Similarly, estate agents commonly describe room dimensions in feet and inches, and floor areas in square feet, even though furniture is sold in metric sizes, and carpet prices are quoted per square metre. The use of two systems here makes it difficult for anyone looking at new properties to estimate furniture requirements and costs for new carpets.

The square foot and cubic foot are units not authorised for trade, but are permitted for product descriptions.

Extending weights and measures legislation to cover product descriptions, and real estate details, as part of a programme to complete metrication, will enhance general comprehension and benefit consumers.


In all walks of life, effective communication about dimensions and quantities requires everyone to use the same measurement units. Although some people are familiar with both metric and imperial units, the continued existence, and in some cases the official recognition, of two different and incompatible sets of measurement units leads many people to become more familiar with one set of units than the other. While many people use metric only, the failure to complete metrication inevitably means that some continue to use imperial only. The result is mutual incomprehension and breakdowns in communication.

Accidents and public safety

Accidents can occur as a result of the existence of two systems. Sometimes these can be extremely costly, or dangerous. If two parties in a transaction routinely use different systems, specifications given by one can easily be misinterpreted by the other.

  • The most infamous example of this is the loss of NASA’s Mars Climate Orbiter in 1999. This was caused by a misunderstanding between NASA, who were using metric units, and its contractor, Lockhead, who were using US customary units. The specifications for thrust in newtons were mistakingly interpreted as pounds-force. The result was that the spacecraft entered orbit around Mars at the wrong altitude and burned up in the Martian atmosphere.
  • Similarly, in 1983, an Air Canada Boeing 767 ran out of fuel because the refueling requirements had been mistakenly assumed to be in pounds, when they were actually in kilograms.
  • When medical doses need to account for body weight, calculations are always carried out using kilograms. The potential for life-threatening dose errors to occur was highlighted by an exchange in the House of Lords on 25 February 2010, when peers drew attention to the residual use of imperial units for weighing in some parts of the National Health Service.

Numerous domestic incidents happen all the time. e.g.

  • Measuring a window in inches to place an order for new curtains over the telephone, only to receive the goods with dimensions in centimetres.
  • Asking someone to get a 2-litre bottle of milk, but they purchase a 2-pint bottle by mistake.

Most domestic accidents would not be classed as serious, but the potential for them to happen at all continues only because metrication has not been completed.

Conversion errors

In a situation where two incompatible measurement systems are in use, with some people using one system and other people the other system, it is sometimes necessary to provide conversions – for example, in news reporting, recipes, DIY instruction manuals. In other cases, carpenters, dressmakers or cooks may do their own conversions. Inevitably, mistakes sometimes occur. Particularly error-prone are Celsius to Fahrenheit conversions; and the process for converting “miles per gallon” to “litres per 100 km” is arithmetically challenging.


Currently, almost all retail trade is carried out in metric. However, following encouragement from government to not fully enforce weights and measures legislation, some small market traders continue to sell loose goods using units that are no longer authorised for trade.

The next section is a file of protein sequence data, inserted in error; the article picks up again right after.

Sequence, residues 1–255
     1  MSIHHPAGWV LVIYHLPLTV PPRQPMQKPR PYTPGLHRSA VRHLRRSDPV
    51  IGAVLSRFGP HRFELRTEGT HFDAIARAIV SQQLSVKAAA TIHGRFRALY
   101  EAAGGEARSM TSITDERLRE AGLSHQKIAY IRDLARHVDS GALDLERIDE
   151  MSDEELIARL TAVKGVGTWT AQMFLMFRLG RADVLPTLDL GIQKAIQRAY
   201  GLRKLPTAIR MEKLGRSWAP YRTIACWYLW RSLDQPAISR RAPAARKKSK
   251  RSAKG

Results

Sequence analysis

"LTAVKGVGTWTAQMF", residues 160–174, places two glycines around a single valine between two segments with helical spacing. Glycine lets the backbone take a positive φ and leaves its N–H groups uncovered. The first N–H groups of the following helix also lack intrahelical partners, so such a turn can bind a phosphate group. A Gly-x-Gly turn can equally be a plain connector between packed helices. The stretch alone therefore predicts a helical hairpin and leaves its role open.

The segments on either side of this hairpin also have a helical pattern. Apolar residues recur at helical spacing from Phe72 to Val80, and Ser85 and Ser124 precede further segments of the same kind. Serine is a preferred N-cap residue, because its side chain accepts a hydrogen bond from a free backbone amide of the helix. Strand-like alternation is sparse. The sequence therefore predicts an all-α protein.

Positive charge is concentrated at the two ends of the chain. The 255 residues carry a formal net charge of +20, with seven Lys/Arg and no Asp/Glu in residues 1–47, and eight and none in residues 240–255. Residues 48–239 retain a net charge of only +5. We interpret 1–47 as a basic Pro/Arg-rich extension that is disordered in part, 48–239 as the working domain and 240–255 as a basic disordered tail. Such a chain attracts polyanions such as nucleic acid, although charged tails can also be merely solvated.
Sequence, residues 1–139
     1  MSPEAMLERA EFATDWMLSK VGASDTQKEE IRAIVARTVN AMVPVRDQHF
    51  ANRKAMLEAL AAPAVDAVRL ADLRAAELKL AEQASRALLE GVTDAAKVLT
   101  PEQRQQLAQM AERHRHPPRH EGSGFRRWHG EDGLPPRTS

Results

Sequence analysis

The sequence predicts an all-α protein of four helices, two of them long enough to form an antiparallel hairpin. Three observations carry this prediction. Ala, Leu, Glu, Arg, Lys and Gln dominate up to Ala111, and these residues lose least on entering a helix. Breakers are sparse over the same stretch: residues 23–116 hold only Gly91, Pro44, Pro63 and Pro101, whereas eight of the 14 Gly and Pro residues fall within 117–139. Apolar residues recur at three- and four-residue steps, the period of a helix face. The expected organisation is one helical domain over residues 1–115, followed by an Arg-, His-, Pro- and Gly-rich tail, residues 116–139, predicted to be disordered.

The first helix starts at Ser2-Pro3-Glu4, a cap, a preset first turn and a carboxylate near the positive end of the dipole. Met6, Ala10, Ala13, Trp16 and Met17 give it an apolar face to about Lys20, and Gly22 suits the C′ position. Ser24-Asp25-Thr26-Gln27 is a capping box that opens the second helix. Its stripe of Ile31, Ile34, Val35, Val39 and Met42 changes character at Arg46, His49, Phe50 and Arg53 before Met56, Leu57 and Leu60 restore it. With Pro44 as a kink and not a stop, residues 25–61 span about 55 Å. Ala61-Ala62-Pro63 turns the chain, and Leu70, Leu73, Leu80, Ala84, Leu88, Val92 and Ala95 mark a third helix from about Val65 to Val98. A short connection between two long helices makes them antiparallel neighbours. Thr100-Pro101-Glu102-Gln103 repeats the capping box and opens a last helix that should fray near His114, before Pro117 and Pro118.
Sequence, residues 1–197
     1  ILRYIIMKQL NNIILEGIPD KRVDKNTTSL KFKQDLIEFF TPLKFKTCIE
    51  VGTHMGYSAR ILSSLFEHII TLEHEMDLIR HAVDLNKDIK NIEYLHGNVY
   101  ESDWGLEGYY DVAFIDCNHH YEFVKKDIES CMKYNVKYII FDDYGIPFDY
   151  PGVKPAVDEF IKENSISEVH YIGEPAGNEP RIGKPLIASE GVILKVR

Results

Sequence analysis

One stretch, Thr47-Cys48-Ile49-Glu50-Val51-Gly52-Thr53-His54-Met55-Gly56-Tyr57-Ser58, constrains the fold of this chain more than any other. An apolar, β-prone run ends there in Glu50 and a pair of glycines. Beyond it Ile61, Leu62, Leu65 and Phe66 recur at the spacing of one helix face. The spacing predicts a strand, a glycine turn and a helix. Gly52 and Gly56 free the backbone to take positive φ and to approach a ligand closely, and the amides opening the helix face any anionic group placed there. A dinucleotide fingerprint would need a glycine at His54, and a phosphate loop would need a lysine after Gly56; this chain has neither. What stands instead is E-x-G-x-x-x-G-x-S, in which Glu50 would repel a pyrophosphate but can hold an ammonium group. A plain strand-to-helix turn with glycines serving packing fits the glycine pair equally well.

A renewed committment to properly enforce legislation, as part of a process to complete metrication, would be in the interest of consumer protection.


It is not possible to put a definitive figure on the cost of having to operate in two systems. Undoubtedly, however, there are costs to manufacturers, retailers and others in having to provide two sets of information. In some cases, computer programmes will make the conversions automatically, but especially for small traders and for non-repetitive operations, the cost – even if only in wasted time and effort – must be significant.
Other costs can sometimes be precisely quantified: the cost of the lost Mars Climate Orbiter was given by NASA as $655 million. The Department for Transport has also estimated the cost of bridge strikes resulting from foreign HGV drivers not understanding imperial units as £234 000 annually without taking into account the cost of delays to road users, which are noted as being “non trivial”.

Failure to reap the benefits of investment in metrication

In past decades, considerable resources have been invested by both public and private sectors in metrication:

  • Industry has upgraded machinery in factories and retrained their staff.
  • Food manufacturers have adjusted to to new package size requirements.
  • Retailers have purchased new metric scales.
  • Schools have replaced textbooks, and adjusted to changes in the curriculum.

Unfortunately, much of this investment continues to be wasted. The most visible example of this is when school children, who have used metric throughout their school years, are faced with the need to become familiar with imperial units when they are old enough to learn to drive. At a time when their knowledge of metric units should be reinforced with practical experience, young people experience a pressure to forget metric units.

Peer pressure, reinforced by main stream media, also encourages people to measure their body weight in stones, and ignore the kilograms they learn in schools. This negates the ability to compare weight losses with common foodstuffs such as 1 kilogram bags of sugar.

Perception of the UK from abroad

Visitors to the UK cannot fail to notice the odd mixture of measurement units used in the UK:

  • litres at petrol stations, but miles on road signs,
  • square metres in carpet stores, but square feet on office space hoardings,
  • kilograms for food, but stones for personal body weight.

Some may find it amusing, but others may take a more serious view and conclude that the UK is not fully committed to basic international standards for trade. The effects of this on inward international investment can only be detrimental to the UK’s prosperity.

The potential for such unfavourable perceptions can be avoided very easily with the introduction of a short programme of legislation to complete the UK’s metrication process.